Thursday, September 8, 2011


As I mentioned in my last post, it is not easy to determine which songs are one hit wonders. You are either surprised that an act had another hit or that the other song wasn't a Top 40 hit. Many musical acts are called one hit wonders, even though they had another hit or two in the Top 40 or Hot 100.

Why? Part of this is memory lapse on the part of people discussing music. This in turn effects polls being conducted by magazines, radio stations or online sights. Another cause of this can be laid at the feet of the radio industry, which frequently limits the number of songs by an artist on their playlist. Many oldies and classic rock stations only play one song by an act. The worst offender is reference books and articles (print and online) written on the subject which are either poorly researched or purposely ignore the facts. Some CD and LP compilations have done this also.

I looked over several listings of one hit wonders and decided to list the ones that were glaring mistakes. This one contains the acts that had other Top 40 hits. I plan to follow this up with groups that had hits that "bubbled under" the Top 40. Also, if the song charted on or was higher on another chart, I designated that chart. Some I listed because they received radio and MTV airplay.

Johnny Preston - "Cradle of Love" #7 and "Feel So Fine" #14 in 1960 after "Running Bear."

Big Bopper - "Big Bopper's Wedding" #38.

C. W. McCall - "Wolf Creek Pass" #40 and "The Old Home Filler Up and Keep On Trucking Cafe" #54. Both had a connecting story line featuring the waitress named Mavis, sidekick Earl and Sloan, the dog of the truck driving narrator, Rubber Duck.

A-Ha - "The Sun Always Shines On TV" #20, "Cry Wolf" #50 and "The Living Daylights" #113.

Great White - "The Angel Song" #30 and "Rock Me" #60.

Tommy Tutone - "Angel Say No" #38.

Strawberry Alarm Clock - "Tomorrow" #23.

Question Mark & the Mysterians - "I Need Somebody" #22 and "Can't Get Enough of Your Love" #56.

Falco - "Der Kommisar" #72, "Vienna Calling" #18 and "Sound of Musik" #13.

The Rembrants - "Just The Way It Is, Baby" #14.

The Foundations - "Baby, Now That I've Found You" #11.

Keith - "Ain't Gonna Lie" #37 and "Tell It To My Face" #37.

The Left Banke - "Pretty Ballerina" #15 and "Desiree" #98.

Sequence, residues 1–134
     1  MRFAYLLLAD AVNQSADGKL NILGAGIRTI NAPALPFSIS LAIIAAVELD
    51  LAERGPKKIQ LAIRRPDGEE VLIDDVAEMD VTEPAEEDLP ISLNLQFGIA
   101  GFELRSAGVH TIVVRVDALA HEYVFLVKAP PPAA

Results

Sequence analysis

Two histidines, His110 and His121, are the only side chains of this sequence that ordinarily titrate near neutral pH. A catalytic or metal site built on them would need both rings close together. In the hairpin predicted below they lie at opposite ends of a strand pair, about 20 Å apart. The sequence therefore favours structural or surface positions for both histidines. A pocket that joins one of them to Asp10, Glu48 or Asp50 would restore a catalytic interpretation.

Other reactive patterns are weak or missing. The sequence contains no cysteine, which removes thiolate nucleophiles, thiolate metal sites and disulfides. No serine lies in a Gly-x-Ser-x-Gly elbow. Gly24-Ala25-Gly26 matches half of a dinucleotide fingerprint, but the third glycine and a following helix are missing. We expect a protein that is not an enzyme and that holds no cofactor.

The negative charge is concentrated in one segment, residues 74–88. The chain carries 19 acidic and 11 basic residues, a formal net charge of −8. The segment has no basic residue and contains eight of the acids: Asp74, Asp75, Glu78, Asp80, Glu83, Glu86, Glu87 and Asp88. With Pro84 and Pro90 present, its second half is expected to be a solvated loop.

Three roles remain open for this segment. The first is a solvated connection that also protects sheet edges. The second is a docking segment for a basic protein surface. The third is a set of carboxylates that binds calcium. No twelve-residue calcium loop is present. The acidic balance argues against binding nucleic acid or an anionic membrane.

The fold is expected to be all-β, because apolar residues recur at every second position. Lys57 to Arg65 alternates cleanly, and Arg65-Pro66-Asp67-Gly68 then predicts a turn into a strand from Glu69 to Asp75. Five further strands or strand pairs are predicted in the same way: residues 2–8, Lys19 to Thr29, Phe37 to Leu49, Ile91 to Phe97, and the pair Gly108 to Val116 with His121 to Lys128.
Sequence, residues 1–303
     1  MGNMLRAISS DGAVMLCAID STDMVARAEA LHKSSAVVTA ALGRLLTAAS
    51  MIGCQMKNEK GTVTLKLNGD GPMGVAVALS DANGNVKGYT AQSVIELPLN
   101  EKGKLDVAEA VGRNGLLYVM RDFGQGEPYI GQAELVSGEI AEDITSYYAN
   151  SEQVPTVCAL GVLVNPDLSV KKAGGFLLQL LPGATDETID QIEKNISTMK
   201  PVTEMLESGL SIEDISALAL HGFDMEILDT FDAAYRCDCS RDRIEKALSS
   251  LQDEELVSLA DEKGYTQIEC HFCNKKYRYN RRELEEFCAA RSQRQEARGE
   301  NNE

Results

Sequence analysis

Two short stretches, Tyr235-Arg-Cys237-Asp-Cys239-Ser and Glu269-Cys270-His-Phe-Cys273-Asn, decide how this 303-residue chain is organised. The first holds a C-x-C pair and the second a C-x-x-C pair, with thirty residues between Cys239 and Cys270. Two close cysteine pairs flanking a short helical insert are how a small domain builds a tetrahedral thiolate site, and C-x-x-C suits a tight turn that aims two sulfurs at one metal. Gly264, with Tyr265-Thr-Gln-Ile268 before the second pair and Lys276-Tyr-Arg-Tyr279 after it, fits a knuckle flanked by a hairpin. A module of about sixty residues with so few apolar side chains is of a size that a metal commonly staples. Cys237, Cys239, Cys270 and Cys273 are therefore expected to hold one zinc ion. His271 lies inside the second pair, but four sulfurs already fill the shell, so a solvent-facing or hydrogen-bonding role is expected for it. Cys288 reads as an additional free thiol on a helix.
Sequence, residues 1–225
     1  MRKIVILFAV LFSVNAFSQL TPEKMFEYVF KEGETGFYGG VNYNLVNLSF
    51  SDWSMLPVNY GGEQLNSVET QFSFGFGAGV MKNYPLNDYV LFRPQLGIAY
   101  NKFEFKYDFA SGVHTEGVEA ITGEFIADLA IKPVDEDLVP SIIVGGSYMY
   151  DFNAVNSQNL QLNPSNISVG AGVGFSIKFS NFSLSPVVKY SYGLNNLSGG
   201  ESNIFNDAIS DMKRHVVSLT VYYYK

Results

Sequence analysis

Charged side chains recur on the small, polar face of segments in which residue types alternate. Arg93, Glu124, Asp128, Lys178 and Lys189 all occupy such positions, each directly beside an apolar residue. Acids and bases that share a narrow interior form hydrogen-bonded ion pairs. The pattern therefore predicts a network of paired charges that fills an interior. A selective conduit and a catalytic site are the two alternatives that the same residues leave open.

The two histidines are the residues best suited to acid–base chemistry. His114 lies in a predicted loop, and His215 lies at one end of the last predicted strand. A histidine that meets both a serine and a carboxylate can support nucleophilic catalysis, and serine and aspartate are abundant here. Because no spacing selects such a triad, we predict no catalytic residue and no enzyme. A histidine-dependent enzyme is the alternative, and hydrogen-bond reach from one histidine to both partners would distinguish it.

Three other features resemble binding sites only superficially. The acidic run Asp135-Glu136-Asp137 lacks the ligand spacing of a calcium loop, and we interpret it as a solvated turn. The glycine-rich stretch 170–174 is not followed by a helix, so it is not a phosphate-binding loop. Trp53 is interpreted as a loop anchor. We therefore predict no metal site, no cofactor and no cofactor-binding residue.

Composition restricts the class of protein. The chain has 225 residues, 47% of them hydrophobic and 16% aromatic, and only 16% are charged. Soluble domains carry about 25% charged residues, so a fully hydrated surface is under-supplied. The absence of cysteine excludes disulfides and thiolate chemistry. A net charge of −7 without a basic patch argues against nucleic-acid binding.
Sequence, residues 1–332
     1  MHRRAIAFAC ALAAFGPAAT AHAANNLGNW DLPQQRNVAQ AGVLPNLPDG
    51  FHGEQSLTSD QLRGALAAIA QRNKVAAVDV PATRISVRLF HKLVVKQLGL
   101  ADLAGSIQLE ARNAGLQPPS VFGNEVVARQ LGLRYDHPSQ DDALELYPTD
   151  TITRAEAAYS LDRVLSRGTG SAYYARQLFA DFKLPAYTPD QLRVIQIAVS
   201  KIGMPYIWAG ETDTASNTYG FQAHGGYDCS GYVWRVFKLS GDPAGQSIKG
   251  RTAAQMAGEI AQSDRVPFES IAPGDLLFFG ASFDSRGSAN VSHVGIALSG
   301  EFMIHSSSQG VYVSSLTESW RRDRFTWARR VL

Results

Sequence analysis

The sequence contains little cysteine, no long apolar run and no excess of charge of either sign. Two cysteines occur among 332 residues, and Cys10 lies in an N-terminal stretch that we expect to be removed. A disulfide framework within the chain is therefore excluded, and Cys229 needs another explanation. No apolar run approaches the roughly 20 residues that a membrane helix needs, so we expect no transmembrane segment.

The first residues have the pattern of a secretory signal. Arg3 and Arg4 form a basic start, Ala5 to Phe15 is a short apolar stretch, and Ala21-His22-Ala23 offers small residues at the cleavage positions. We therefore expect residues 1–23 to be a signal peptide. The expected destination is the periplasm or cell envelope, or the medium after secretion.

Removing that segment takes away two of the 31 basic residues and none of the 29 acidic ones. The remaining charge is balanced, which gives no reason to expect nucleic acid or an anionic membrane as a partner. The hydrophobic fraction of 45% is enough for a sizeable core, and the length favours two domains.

Maxine Nightingale - "Lead Me On" #5.

Taste of Honey - "Sukyaki" #3.

The Fat Boys - "The Twist (Hey Twister!)" #16.

Looking Glass - "Jimmy Loves Mary-Anne" #33.

Steel Breeze - "Dreaming Is Easy" #30.

Maury Head - "Superstar" #14 in 1971. This song is best known as "Jesus Christ Superstar." Head played Judas in the original version in London.

The Romantics - "One In a Million" #37 and "What I Like About You" #47.

Blue Swede -"Never My Love" #7 and "Hush/I'm Alive" #61.

The Soul Survivors - "Explosion (In Your Heart)" #33 and "Impossible Mission" #68.

The Electric Prunes - "Get Me To The World On Time" #27.

Vanilla Fudge - "Take Me For A Little While" #38, "Seasons of the Witch" #65, "Shotgun" #68 and "Where Is My Mind" #73.

Brownsville Station - "Kings of the Party" #31, "Lady (Put the Light On Me)" #46, "I'm the Leader of the Gang" #48, "Let Your Yeah Be Yeah" #57 and "Martian Boogie" #59.

Spandau Ballet - "Gold" #29 and "Only When You Leave" #34.

Swing Out Sister - "Twilight World" #31 and "Am I The Same Girl" #45/#1-AC.

The Cardigans - "My Favorite Game" #16-Alternative.

Madness - "Must Be Love" #33.

Semisonic - "Singing In My Sleep" #33-#11 Modern, "Secret Smile" #21 Modern and "Chemistry" #39 Modern.

Lighthouse - "Sunny Days" #34 and "Pretty Lady" #53.

American Breed - "Step Out of Your Mind" #24 and "Green Light" #39.

Alias - "Waiting for Love" #13.     

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